J.J. is currently one of the few former ICRC officials available on the speaker circuit to give lectures and seminars on the Geneva Conventions and their Additional Protocols, also called International Humanitarian Law.

      Recently, J.J. helped create - and is the Executive Director of - a non-profit organization called T.E.A.M. (Training and Education About the Middle East) with a focus on presenting a more balanced image of the Middle East conflict than the one projected by the media and many academics. The T.E.A.M. web site can be found at

  • Israel lobby stakes claim for Jerusalem at Supreme Court, but Kagan isn't buying
    • "Palestinians are actually under no legal obligation to negotiate and they are under no legal obligation to forgo any of their legal rights if they do negotiate."

      no objection from me on your excellent points....but for purposes of this court case it seems like the State Department's protocols in terms of nomenclature are adhering to internationally recognized standards; in other words, this is a matter that would appear to me to lie outside of the U.S. Supreme Court's adjudication and other countries are in no way bound to respect any U.S. ruling which goes against the International protocols, nor honor the bearer's passport.

    • According to the protocols outlined in the U.S. Department of State's "Foreign Affairs Manual Volume 7 - Consular Affairs", it seems very clear on how this matter should be handled:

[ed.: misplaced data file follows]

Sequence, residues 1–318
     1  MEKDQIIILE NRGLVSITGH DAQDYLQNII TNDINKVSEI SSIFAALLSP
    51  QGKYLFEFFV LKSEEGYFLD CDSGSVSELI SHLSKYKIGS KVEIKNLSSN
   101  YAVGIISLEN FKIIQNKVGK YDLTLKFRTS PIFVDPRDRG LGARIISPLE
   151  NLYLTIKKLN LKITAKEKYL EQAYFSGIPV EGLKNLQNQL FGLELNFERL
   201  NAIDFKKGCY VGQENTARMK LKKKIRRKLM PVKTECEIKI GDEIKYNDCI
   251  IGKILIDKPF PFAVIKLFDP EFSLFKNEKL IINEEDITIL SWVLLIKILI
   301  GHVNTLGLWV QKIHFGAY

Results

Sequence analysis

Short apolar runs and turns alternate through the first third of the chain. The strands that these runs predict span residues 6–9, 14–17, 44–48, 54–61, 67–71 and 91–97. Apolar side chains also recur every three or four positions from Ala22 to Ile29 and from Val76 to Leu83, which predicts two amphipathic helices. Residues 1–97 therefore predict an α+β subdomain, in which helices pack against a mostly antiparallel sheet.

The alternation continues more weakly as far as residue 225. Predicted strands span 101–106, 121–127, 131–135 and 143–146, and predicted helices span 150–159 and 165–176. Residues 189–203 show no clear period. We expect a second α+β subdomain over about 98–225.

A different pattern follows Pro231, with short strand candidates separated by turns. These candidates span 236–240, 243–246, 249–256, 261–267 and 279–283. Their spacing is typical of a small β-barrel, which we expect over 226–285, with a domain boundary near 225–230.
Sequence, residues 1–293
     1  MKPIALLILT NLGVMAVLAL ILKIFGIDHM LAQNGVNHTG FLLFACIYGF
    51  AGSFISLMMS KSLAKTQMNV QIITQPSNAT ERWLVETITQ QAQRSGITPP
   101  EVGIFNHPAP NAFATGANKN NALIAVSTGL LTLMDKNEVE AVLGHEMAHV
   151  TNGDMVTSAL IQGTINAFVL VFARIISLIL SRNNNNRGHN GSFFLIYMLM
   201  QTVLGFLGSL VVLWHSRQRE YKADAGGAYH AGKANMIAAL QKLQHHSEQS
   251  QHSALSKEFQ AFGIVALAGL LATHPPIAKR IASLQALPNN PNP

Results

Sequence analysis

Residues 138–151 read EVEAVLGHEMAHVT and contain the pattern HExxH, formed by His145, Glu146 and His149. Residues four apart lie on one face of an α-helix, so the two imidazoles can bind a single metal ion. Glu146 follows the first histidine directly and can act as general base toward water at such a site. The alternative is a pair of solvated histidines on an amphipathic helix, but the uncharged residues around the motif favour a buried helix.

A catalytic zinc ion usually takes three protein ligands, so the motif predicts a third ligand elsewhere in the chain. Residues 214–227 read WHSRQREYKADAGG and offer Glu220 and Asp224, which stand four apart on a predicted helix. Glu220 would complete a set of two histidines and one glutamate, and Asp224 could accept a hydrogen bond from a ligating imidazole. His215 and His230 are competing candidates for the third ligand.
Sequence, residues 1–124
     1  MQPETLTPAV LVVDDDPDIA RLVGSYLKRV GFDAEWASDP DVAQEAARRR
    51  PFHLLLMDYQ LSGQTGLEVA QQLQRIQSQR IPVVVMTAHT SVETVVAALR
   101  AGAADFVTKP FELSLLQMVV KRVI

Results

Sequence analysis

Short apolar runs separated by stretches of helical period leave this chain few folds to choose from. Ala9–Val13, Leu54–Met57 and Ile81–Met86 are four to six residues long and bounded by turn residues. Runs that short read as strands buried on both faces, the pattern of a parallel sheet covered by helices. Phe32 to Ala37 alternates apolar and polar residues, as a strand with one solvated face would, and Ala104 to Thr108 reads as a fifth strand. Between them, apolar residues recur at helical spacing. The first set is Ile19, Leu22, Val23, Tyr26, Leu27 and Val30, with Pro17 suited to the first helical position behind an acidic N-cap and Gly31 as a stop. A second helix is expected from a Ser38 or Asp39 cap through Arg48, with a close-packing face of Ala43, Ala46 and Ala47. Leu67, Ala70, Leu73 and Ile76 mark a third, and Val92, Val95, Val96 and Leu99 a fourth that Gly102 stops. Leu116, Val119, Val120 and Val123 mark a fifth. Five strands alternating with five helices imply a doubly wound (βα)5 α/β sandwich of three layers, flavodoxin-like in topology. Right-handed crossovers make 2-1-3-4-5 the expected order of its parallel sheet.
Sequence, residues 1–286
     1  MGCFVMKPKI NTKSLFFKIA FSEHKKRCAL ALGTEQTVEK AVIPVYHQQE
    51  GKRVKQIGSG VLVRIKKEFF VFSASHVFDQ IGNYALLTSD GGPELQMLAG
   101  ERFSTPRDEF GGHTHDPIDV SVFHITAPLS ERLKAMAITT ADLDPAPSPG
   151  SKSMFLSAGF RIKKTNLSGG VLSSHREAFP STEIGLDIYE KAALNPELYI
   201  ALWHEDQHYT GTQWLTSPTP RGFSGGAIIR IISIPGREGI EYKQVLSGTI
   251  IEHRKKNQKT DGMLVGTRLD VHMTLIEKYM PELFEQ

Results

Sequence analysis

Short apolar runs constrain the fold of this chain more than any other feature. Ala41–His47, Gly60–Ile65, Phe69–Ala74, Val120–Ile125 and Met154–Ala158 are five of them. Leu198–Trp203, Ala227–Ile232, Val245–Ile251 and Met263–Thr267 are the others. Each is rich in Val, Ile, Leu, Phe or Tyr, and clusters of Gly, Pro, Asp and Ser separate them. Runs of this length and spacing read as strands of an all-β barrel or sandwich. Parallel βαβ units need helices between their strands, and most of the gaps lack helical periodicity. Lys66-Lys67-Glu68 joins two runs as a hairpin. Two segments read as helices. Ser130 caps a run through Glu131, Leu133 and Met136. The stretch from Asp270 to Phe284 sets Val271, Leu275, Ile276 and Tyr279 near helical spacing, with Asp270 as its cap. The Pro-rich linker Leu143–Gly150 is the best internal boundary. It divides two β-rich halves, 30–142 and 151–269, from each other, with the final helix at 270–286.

Pages 10 - 12

      a. Background. As a result of the June 1967 Arab-Israeli War, the Government of
      Israel currently occupies and administers the Golan Heights, the West Bank,
      and the Gaza Strip. U.S. policy recognizes that the Golan Heights is Syrian
      territory, and that the West Bank and the Gaza Strip are territories whose final
      status must be determined by negotiations.

      b. Birth in the Golan Heights: The birthplace that should appear on passports
      whose bearers were born in the Golan Heights is SYRIA.

      c. Birth in the West Bank or in the No Man’s Lands between the West Bank and
      Israel: The birthplace for people born in the West Bank or in the No Man's
      Lands between the West Bank and Israel is WEST BANK; Those persons born
      before May 1948 in the area known as the West Bank may have PALESTINE
      listed as an alternate entry. Those born in 1948 or later may have their city of
      birth as an alternate entry. Persons born in the West Bank in 1948 or later
      may not have Palestine transcribed as an alternate entry.

      d. Birth in the Gaza Strip: The birthplace for people born in the Gaza Strip, is
      GAZA STRIP. PALESTINE is the alternate acceptable entry provided the
      applicant was born before 1948.